It is one thing to learn about public policy through books. It is another thing entirely to sit beside people who can share their relevant experiences. Since most students grow up in homogenous environments, they likely have little experience with the benefits of exposure to different perspectives.  
It amazed me that UT brought people together from so many different parts of the world. During times of political turmoil and hostility toward immigrants, I remind myself that Texas, for all its fraught history and existing divisions, can be an incredible place to live and grow. 

9. Provide a time where you helped resolve a conflict between two groups or people

The prompt asks about the free exchange of ideas and learning from people different from yourself. 

You can answer the prompt directly by illustrating a situation where you helped resolve a conflict and find common ground. Virtues like patience, conscientiousness, thoughtful listening, and remaining calm under pressure are qualities that UT seeks.

If diversity isn't necessarily something you're born with or even something to be acquired, it can be demonstrated by being a decent person who takes a concern for others.

Another variation is similar to the Common Application prompt:

"Describe a problem you've solved or a problem you'd like to solve. It can be an intellectual challenge, a research query, an ethical dilemma - anything that is of personal importance, no matter the scale. Explain its significance to you and what steps you took or could be taken to identify a solution."

Addressing this question will address UT's new short answer directly as it relates to the promotion of the free exchange of ideas and adding a valuable perspective to classroom discussions.

10. If you're non-Texan or International, discuss what perspectives you can bring to the classroom from your home state or country

One way to address the prompt directly is, if you come from a state or a country that has few other UT students, you can discuss how your background will bring a unique perspective to campus.

There are organizations and First Year Interest groups for out of state and international students. Since UT's undergraduate population is over 90% Texan, don't undersell the value of a non-Texan point of view.

11. Provide additional context to one or two activities on your resume

You don't necessarily need to compete at the highest level in an activity or event. Use this new short answer to provide more context to your resume that hasn't been mentioned elsewhere.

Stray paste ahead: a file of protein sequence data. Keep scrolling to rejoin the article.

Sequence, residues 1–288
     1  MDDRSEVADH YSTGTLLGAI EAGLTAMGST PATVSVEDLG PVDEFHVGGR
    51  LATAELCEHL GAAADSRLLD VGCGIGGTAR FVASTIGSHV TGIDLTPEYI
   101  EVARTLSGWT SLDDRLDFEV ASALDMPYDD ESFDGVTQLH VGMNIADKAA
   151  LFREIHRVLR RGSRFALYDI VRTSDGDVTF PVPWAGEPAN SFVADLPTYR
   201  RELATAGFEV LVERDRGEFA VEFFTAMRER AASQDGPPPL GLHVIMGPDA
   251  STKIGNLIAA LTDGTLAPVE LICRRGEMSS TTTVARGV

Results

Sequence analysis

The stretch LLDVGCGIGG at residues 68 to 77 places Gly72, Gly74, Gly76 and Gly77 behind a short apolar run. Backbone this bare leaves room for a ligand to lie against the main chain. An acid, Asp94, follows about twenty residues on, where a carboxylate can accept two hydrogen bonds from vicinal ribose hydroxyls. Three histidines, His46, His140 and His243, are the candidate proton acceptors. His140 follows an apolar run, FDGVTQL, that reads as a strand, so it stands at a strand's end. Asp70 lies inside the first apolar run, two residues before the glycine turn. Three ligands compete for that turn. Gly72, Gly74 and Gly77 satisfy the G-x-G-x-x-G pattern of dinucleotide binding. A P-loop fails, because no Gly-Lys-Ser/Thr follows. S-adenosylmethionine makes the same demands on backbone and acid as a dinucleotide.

The prompt also permits opportunities for cross-cultural exchange.

  • Have you spent a few years learning a foreign language and made a meaningful effort to practice or explore it further outside of the classroom?
  • Do you participate or lead in a student organization that promotes or exposes you to cultures different from your own?
  • Have you gone on an exchange trip or has your family hosted an exchange student?
  • Do you participate in Spanish National Honor Society, a French club, or any international student organizations?

12. Discuss an issue, theme, or idea that you love researching and exploring

The Common Application allows for a response to the prompt:

"Describe a topic, idea, or concept you find so engaging that it makes you lose all track of time. Why does it captivate you? What or who do you turn to when you want to learn more?"

Similar to the interest or talent Apply Texas Essay B prompt, this question allows for an added variation that your experiences don't need to be confined to the resume. 

If you're fascinated by a topic or curious about an area of research, let your reviewer know. It's highly likely this will add valuable information to classroom discussions or a student organization.

13. Use themes of diversity to complement the rest of your application and argue why you deserve a space at UT

Everyone should connect this short answer to their other essays, resume, reference letters, and the remainder of your application.

Each part of your college application should add a new perspective. It's critical that you reference specific examples, experiences, or situations that reflect something interesting about you.

It may be daunting to see Essay A and the four short answers as a lot of work. It's also a tremendous opportunity to convincingly argue why you deserve a space in your first choice major.

UT is seeking students who are curious, compassionate, understanding, and willing to push themselves beyond their comfort zone. Make the case that you belong on campus.

Interested in crafting your best essays? Let's get started today with a free consultation.